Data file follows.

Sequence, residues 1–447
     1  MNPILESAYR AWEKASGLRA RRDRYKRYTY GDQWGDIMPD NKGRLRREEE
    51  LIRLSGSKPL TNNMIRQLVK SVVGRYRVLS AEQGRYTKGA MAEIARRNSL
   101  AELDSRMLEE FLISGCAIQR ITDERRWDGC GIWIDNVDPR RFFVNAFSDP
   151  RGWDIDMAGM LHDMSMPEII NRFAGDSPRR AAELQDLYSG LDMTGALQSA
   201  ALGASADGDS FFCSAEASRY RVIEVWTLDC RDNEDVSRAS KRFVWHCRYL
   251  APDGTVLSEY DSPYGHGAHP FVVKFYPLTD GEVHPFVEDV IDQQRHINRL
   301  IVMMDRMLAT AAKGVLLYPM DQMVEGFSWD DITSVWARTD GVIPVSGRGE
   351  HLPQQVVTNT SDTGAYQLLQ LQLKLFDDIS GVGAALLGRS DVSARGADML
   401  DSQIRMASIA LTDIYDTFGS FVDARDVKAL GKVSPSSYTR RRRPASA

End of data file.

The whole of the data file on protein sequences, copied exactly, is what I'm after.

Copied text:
Sequence, residues 1–447
     1  MNPILESAYR AWEKASGLRA RRDRYKRYTY GDQWGDIMPD NKGRLRREEE
    51  LIRLSGSKPL TNNMIRQLVK SVVGRYRVLS AEQGRYTKGA MAEIARRNSL
   101  AELDSRMLEE FLISGCAIQR ITDERRWDGC GIWIDNVDPR RFFVNAFSDP
   151  RGWDIDMAGM LHDMSMPEII NRFAGDSPRR AAELQDLYSG LDMTGALQSA
   201  ALGASADGDS FFCSAEASRY RVIEVWTLDC RDNEDVSRAS KRFVWHCRYL
   251  APDGTVLSEY DSPYGHGAHP FVVKFYPLTD GEVHPFVEDV IDQQRHINRL
   301  IVMMDRMLAT AAKGVLLYPM DQMVEGFSWD DITSVWARTD GVIPVSGRGE
   351  HLPQQVVTNT SDTGAYQLLQ LQLKLFDDIS GVGAALLGRS DVSARGADML
   401  DSQIRMASIA LTDIYDTFGS FVDARDVKAL GKVSPSSYTR RRRPASA